PLUME: Well, you see the balance the other way in a lot of film schools, which is, “Studying the classics is all well and good, but we’re trying to push you out into production.” Do you think there’s a loss of a sense of place and understanding of the form they’re working in?
WHEDON: It’s very important to understand how to shoot a movie, if that’s what you want to do. But it’s more important at that age to be studying the meaning thing, to be studying what builds up the great movies. Where the simplicity is, where the complexity is. Anybody can tell you where to point a camera - and quite frankly, nobody can tell you how. You can either do that or you can’t. Learning what a gaffer is, or how to load your own film is great - I actually had to load my own film during my thesis film once, because my crew was too stoned. They just said, “We’re really too stoned to change it.”
PLUME: Damn those non-union crews…
WHEDON: Yeah, we were top notch. You get so many people out here with incredible technical expertise who have nothing to say, or no idea of the importance of having something to say, or the importance of understanding what they’re saying.
PLUME: Do you think, to some extent, those are the kind of filmmakers that the Hollywood executive tends to like - because they’re malleable?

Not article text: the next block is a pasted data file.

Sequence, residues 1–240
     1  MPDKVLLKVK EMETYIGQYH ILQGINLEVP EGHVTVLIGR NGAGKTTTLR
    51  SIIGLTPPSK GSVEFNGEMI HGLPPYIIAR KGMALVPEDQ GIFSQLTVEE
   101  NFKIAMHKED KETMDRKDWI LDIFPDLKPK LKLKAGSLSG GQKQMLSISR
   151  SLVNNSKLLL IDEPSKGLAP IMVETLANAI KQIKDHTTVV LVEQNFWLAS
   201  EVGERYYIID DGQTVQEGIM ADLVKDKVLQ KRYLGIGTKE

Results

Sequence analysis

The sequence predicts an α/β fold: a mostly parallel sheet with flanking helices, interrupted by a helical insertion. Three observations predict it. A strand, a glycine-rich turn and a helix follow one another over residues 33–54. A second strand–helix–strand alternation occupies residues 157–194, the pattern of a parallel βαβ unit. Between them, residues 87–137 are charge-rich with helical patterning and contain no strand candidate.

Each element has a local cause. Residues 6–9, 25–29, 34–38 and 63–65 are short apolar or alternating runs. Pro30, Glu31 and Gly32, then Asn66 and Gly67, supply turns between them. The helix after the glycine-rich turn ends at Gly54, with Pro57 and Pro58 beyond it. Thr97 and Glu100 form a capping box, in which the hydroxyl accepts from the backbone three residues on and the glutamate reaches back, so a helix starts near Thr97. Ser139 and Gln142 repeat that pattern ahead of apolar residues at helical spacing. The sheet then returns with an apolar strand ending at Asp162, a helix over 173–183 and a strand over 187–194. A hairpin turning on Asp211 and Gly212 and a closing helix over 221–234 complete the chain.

WHEDON: Yeah. Well, you want somebody who can make it pretty and make it work and give the executive what the executive thinks they want, and bring something to the party. Not just translate the words. If you’re the writer, what you’re looking for is somebody who can convey the actual meaning of the script… and quite frankly, people who are just schooled in production don’t really have that. There’s a lot of people out there who make a pretty frame, that has nothing to do with what is said.
PLUME: Form over function.
WHEDON: But you know, there’s advantages to both - don’t get me wrong. There’s a lot of people teaching theory who are filling people’s heads with completely idiotic agendas and not really getting down to the basics of “This is exactly what he was doing, exactly what you think, what you feel.” It hasn’t been accomplished. You need to be looking at that stuff.
PLUME: What kind of agenda irritates you the most?
WHEDON: Any agenda. Any agenda beyond what the film itself is trying to say. My biggest concentration was gender studies and feminism. That was sort of my unofficial minor. That was what all my film work was about, but at the same time, somebody bringing the knee-jerk feminist agenda to a text can be the most aggravating thing in the world. Especially if you’re a feminist, because you’re like, “You’re the person that everybody makes fun of. You’re the reason why we’ve got no cred.”